What started as a small project for a science fair is now a large scale museum exhibit. Some local students are showing how they "live green" with home-grown renewable energy.
"This is waste vegetable oil. We've collected it from a myriad of restaurants in this Tri-Taylor area," said Jacob Morley, senior, Whitney Young High School. "And this is what we use to make the biodiesel out of."
They say it's an easy process, but some might disagree.
"We put it in this cone drum and it'll gravity-feed into this filter. This filter has a sock filter in it and it's filled with an ion thermal resin called thermax. It pulls out all that extra glycerin that we don't want in the biodiesel," said Anna Hernandez, sophomore, Whitney Young High School.
The Whitney Young Magnet High School students are making bio-diesel, a fuel made from used cooking oil that can power any engine that normally runs on diesel. They say it can cut down on carbon emissions as much as 80-percent compared to regular diesel. And, it's cheap.
"We're producing for $1, $1.50 a gallon. For something like that it's just a clear choice," said Jacob Morley, senior, Whitney Young High School.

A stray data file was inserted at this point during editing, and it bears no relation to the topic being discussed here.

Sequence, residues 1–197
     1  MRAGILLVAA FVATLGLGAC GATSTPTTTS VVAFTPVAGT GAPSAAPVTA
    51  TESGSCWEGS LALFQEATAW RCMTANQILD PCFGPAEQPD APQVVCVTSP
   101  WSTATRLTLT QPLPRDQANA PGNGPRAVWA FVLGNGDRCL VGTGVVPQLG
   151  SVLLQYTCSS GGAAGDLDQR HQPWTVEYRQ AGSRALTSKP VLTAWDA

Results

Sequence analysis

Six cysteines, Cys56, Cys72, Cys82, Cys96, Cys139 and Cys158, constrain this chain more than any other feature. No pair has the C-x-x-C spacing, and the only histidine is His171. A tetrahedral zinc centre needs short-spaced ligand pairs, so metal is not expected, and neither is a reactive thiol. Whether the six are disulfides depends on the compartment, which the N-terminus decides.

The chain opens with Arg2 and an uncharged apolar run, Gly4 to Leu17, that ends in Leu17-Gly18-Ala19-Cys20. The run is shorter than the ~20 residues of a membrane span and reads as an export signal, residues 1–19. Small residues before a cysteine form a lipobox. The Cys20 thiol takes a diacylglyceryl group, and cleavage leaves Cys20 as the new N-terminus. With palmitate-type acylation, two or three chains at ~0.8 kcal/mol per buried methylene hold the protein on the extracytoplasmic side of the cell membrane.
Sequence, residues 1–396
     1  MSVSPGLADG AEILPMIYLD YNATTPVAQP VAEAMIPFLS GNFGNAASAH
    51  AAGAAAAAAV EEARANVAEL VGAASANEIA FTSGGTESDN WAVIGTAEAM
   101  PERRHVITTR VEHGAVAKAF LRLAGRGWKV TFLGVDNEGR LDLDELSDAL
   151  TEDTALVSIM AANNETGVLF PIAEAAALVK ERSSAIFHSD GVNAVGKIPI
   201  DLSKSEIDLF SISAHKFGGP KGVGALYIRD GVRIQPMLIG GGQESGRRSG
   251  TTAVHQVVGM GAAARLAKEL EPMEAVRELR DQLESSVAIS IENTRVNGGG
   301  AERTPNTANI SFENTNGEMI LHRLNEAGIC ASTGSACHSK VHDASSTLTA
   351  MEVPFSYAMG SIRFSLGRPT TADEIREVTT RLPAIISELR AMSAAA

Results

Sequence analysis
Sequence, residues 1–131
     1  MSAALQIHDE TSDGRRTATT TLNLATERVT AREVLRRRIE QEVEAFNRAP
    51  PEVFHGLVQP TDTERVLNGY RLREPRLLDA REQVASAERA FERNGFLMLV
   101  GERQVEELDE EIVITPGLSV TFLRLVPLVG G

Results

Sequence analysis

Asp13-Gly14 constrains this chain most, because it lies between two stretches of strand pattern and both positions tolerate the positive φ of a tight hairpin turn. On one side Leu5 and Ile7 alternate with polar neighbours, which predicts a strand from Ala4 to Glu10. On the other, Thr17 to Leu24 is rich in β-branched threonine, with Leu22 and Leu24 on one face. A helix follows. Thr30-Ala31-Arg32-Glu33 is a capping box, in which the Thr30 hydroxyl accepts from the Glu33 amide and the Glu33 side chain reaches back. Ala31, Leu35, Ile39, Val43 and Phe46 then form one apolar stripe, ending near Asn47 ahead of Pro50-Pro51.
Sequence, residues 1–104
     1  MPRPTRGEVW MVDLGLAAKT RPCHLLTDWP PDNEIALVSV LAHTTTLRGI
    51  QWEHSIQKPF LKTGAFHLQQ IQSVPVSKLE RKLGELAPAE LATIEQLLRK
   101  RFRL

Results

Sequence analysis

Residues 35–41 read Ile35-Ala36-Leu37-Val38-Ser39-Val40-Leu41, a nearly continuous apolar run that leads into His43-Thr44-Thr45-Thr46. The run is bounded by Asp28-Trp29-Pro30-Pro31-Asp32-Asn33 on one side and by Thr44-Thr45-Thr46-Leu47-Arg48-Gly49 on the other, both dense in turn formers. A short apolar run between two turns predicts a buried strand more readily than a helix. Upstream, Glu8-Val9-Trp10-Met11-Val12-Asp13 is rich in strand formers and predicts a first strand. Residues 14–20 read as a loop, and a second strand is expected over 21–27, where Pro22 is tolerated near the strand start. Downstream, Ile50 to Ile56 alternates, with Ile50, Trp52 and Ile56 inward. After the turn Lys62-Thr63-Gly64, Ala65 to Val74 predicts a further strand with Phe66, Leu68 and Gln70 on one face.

The project started when Hernandez approached her teacher with help for a science fair project.
"I thought I was going to be making it in little jars or pop bottles. He was like no, we can build a system. And I was like, OK," said Hernandez.
Her teacher, Brian Sievers, is now helping a group of students share their knowledge with the greater community.
"They told us we're the first high school ever to have this kind of setup at the Museum of Science and Industry," said Sievers. "The greatest thing about this project is we've got kids doing great things after school, showing kids in the CPS system can do great things. We just have to do more opportunities for them."
It's a prospect not lost on faculty at UIC. They are donating time and space in one of their engineering labs to help encourage the students' work.
"This is great, not just Whitney Young, but we welcome other students to come and do these kind of projects," said Professor Suresh Aggarwal, University of Illinois- Chicago.